3 July 2018
3 July 2018,
 4
The Qianjin is the piece of string that goes around the neck of the Erhu, pulling the 2 steel strings towards the neck.

After playing the Erhu for a while, the Qianjin might get worn out and starts to fray or become loose.

When that happens, you will need to retie the Qianjin.

But why? Well, the tension at the point where the Qianjin pulls the string is very important. If there is not enough tension, your push and pull of the open string might give you different pitches. Also, you might start to hear some cackling noise.

So the purpose of today’s blogpost is to show you the proper way of of tying the Qianjin on the Erhu.

We have done a video about 10 years ago and now it is time for an updated one.

Before we start, do these 2 things first to increase the tension at the qianjin point:
– Make sure that the strings are bunched up at the end of the pegs
– Tune the Erhu slightly up

Here we go!
1) Measure a length of around 1.5m of Qianjin string. We have 2 kinds of qianjin string in our store. One is a brown Qianjin string and the other a white Qianjin string. I personally prefer the brown string because it is stiffer but some like the white string better.

2) Then you measure the position of where your qianjin should be. Usually we put our elbow on the resonator and tie it at the position where our pinky meets our palm. Different people have different arm length so this position is customised according to your arms length. (Click here for more information)

3) The main concept of tying the qianjin string is to loop a few rounds around the neck first follow by alternate loops around the string and neck and you finish it off by looping a few more rounds around the neck. There are some combinations you can do. You can do 3 5 3 or 2 5 4. If you want it to be more stable or if you are tying for a zhonghu, you can do 3 7 3 or 2 7 4.

It is rather difficult to explain in words so we have created a video showing you exactly how to do it:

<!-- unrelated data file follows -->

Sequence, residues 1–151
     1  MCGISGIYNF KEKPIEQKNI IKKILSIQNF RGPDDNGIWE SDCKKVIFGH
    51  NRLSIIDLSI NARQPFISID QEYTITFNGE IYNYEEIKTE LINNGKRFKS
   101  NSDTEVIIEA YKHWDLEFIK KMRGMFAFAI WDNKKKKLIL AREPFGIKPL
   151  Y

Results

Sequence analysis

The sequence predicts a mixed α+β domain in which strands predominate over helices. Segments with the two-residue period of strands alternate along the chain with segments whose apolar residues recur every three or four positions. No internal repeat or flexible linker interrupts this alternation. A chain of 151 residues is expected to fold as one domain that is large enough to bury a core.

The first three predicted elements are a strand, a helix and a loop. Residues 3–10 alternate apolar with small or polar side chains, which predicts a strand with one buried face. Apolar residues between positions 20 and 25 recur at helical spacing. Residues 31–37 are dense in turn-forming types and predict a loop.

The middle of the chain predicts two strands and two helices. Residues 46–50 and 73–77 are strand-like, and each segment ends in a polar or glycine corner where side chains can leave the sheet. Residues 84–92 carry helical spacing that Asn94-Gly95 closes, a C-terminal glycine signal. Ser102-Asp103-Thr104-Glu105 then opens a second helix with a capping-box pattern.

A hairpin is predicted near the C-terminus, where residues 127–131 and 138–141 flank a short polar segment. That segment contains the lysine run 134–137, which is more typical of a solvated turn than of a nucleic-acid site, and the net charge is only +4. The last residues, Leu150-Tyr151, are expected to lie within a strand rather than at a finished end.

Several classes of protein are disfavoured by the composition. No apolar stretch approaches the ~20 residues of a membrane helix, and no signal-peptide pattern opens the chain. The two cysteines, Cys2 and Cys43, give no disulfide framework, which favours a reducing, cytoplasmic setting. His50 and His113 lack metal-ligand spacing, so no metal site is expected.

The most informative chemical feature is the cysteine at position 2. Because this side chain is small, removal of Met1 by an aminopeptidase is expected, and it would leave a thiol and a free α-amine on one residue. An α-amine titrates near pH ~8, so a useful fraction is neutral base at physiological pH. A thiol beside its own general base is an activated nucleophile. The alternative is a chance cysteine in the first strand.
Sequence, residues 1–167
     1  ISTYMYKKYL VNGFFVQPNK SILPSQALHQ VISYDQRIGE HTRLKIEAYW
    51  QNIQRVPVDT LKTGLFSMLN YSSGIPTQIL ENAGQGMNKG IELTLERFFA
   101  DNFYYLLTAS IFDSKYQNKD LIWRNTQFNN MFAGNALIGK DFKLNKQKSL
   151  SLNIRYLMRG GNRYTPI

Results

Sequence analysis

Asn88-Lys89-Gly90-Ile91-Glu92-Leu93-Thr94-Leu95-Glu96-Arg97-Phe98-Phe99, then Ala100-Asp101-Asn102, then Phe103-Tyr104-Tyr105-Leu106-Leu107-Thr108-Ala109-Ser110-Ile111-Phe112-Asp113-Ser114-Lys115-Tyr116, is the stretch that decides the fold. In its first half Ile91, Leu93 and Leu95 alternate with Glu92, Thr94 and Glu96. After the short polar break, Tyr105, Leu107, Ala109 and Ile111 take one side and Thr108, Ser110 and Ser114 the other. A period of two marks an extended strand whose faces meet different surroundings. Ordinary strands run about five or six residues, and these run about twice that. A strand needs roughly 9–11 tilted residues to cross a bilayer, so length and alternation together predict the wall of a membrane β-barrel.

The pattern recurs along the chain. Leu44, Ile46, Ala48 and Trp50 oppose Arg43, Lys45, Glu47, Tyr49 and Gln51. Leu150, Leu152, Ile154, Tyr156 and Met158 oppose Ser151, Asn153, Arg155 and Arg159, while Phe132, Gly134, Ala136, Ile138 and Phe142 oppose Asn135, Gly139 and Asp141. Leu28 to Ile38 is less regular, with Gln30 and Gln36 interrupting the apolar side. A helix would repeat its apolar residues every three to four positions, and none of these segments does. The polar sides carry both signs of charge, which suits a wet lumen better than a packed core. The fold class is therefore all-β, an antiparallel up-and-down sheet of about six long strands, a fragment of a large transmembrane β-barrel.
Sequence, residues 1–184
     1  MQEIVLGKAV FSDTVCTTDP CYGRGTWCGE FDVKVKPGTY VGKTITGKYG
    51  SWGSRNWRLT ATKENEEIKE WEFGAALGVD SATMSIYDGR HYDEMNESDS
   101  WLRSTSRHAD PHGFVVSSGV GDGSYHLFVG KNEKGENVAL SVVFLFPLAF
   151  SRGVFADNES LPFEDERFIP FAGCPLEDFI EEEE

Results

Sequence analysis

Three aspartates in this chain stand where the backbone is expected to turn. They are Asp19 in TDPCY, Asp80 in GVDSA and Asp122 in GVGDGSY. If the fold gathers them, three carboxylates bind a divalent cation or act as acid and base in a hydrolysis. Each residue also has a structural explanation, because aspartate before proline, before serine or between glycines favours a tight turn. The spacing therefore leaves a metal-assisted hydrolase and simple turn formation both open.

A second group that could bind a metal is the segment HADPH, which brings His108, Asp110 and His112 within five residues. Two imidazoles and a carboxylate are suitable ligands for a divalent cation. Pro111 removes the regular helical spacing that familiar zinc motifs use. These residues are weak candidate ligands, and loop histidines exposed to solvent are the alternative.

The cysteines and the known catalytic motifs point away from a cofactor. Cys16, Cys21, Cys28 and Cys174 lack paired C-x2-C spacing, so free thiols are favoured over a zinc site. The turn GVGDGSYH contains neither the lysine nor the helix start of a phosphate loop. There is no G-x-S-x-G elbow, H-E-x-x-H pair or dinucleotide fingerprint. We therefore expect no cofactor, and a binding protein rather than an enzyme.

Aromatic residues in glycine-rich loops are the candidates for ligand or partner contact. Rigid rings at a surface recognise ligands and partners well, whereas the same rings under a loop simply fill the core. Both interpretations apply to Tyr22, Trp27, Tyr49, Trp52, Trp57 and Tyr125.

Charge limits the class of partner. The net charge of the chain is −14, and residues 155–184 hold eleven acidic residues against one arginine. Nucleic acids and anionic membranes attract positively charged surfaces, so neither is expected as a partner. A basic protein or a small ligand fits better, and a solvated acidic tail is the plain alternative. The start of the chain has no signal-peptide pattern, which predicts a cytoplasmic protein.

If you meet any problems, feel free to comment below or drop us a message.

Have fun!

4 responses on “Proper Way to Tie Your Qianjin

  1. Tessa says:

    Hello,
    I am a student and have just purchased my first erhu, unfortunately it is completely different from the picture (don’t trust eBay),
    Do you do student discounts on your instrument as I do not think the one I purchased is good enough to practice on.

    Thanks
    Tessa

  2. Tan Sung Wah says:

    Hi Tessa,

    Please email us at admin@easonmusicschool.com and we can give you a discount code for first time user.

    thanks!
    SW

  3. Rowan (aka Shimbun boy) Donovan says:

    Good morning Sung Wah, last week I had to retie my old qianjin on my erhu. I knew it had to be replaced but I had been putting it off, putting it in the ‘too hard’ basket. When the tension of the strings on my frayed qianjin caused it to unravel I had run out of baskets to hide in! Fortunately I had my new Red Dragon erhu strings, new qianjin string, black felt qin dian and selection of 8 bridges that I had purchased from you good people earlier this year all ready to go and give my long suffering erhu a much needed makeover. Well, (and I’m not going to tell you how long it took me but there is such a thing as ‘patience’ and ‘persistence’!), thanks to your recent videos, I did it. There’s still room for improvement next time but, for now, me and my erhu are much happier and getting along just fine. We are both in good voice. 😊 Many thanks for the great videos
    and help.
    Shimbun Boy

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